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Wednesday, November 03, 2004
What's the frequency, Kenneth?
Someone who's opinion on such matters (& all matters) I respect very much remarked a few months ago that the U.S. is primarily a conservative nation which is occasionally given to bouts of conscience and thus democratic-liberal leaning social policies. Here's one version of what might be going on that characterizes the situation in terms of a larger social transformation and suggests that the Founding Fathers allowed us a mechanism for moving forward. I'm writing in red because I might feel the need to editorialise:

Andrew Sullivan: "What we're seeing, I think, is a huge fundamentalist Christian revival in this country, a religious movement that is now explicitly political as well. It is unsurprising, of course, given the uncertainty of today's world, the devastating attacks on our country, and the emergence of so many more liberal cultures in urban America. [except that I think there's a way to articulate a strong defensive foreign policy without couching it in overtly religious language] And it is completely legitimate in this country for such views to be represented in public policy, however much I disagree with them. But the intensity of the passion, and the inherently totalist nature of religiously motivated politics means deep social conflict if we are not careful. Our safety valve must be federalism. [This, I like. If things are red and blue, then let's allow it to be so] We have to live and let live. As blue states become more secular, and red states become less so, the only alternative to a national religious war is to allow different states to pursue different options. That goes for things like decriminalization of marijuana, abortion rights, stem cell research and marriage rights. Forcing California and Mississippi into one model is a recipe for disaster. Federalism is now more important than ever. I just hope that Republican federalists understand this. I fear they don't." So we're in the middle of the Third Great Awakening? and Pat Robertson is the new Cotton Mather?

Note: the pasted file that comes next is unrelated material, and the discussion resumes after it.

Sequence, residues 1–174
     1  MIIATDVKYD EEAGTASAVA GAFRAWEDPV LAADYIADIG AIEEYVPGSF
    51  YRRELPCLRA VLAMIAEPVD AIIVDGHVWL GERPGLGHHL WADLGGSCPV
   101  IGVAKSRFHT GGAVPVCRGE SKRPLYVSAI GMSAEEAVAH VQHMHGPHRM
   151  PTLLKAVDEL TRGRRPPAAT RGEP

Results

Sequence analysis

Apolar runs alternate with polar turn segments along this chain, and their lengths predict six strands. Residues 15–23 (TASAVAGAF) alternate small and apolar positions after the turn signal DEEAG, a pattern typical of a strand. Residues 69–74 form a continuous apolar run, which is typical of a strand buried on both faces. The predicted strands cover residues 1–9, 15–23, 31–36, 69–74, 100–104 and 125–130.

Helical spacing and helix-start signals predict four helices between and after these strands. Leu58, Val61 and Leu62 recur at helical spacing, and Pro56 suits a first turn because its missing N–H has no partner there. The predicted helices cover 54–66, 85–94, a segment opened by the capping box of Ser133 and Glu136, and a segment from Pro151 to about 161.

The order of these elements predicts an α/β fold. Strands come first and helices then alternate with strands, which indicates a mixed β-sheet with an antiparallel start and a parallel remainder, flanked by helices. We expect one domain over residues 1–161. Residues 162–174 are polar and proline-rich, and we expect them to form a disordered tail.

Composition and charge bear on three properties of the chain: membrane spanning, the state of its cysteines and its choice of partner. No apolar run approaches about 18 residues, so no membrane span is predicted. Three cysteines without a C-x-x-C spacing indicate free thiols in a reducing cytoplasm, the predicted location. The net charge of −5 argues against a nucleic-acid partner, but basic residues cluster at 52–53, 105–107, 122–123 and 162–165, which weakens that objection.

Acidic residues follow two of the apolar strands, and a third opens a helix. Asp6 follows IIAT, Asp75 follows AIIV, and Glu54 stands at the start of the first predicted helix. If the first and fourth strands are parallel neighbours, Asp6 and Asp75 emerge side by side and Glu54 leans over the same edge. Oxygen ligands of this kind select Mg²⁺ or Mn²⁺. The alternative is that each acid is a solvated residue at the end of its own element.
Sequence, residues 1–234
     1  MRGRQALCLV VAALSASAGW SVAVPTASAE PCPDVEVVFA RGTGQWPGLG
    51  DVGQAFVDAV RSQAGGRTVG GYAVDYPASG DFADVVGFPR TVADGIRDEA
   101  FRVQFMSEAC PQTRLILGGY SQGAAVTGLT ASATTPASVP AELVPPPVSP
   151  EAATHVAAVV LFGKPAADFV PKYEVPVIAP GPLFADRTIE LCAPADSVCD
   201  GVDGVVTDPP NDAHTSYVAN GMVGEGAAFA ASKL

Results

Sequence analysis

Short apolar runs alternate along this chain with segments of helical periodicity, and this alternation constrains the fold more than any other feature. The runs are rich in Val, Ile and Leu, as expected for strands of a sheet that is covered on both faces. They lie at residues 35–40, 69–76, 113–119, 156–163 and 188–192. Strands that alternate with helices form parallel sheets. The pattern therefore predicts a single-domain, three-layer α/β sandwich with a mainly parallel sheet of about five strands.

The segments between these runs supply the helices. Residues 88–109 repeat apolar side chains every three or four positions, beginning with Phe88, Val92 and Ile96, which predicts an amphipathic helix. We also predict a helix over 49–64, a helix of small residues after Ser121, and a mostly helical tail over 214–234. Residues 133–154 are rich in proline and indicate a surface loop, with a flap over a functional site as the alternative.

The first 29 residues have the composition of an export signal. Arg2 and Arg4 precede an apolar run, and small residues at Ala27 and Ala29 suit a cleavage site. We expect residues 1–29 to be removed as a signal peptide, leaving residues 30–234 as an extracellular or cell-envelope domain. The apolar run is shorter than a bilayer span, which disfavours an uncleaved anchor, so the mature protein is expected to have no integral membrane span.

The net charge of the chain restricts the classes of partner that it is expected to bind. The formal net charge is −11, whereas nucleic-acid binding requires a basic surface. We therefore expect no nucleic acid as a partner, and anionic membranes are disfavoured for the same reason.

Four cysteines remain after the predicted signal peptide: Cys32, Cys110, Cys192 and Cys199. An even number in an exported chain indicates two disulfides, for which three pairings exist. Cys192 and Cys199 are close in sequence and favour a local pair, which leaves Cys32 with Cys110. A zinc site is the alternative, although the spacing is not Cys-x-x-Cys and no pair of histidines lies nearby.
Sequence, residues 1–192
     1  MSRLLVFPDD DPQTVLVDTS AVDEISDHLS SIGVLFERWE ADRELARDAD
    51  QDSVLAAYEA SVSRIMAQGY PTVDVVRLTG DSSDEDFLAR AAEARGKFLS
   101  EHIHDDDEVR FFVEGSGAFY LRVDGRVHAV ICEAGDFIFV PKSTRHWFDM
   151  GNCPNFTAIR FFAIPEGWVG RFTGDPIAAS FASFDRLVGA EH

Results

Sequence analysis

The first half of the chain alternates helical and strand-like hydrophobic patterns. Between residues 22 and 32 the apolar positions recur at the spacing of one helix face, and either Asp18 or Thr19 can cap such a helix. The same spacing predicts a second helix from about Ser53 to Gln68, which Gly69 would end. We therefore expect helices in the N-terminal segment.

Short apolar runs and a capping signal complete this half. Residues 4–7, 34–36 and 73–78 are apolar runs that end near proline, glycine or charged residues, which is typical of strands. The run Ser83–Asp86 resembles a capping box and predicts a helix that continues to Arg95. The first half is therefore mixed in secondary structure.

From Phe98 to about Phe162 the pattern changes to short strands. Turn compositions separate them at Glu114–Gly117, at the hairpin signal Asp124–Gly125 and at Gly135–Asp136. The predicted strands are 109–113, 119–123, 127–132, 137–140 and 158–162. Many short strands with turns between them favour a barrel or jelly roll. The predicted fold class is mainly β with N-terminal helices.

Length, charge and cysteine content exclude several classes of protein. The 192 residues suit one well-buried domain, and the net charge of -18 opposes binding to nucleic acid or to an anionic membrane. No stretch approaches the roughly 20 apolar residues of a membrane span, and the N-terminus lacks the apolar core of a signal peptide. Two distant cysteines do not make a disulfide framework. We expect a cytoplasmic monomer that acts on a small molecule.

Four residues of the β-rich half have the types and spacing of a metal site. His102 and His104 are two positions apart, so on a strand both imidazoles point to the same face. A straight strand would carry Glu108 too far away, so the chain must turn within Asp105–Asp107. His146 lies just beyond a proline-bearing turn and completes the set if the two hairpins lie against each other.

Here's more that I like from Andrew Sullivan, regarding responsibility and consequences. I think this is what I was trying to get to with my post about the way this will be viewed in the world.

"Now, Bush will face the consequences of his own policies and we will be able to judge him on that. He has no excuses any more. I hope he succeeds in Iraq, in reforming social security. But no one should give him an easy pass if he fails. "
Posted at 6:16 PM by John.

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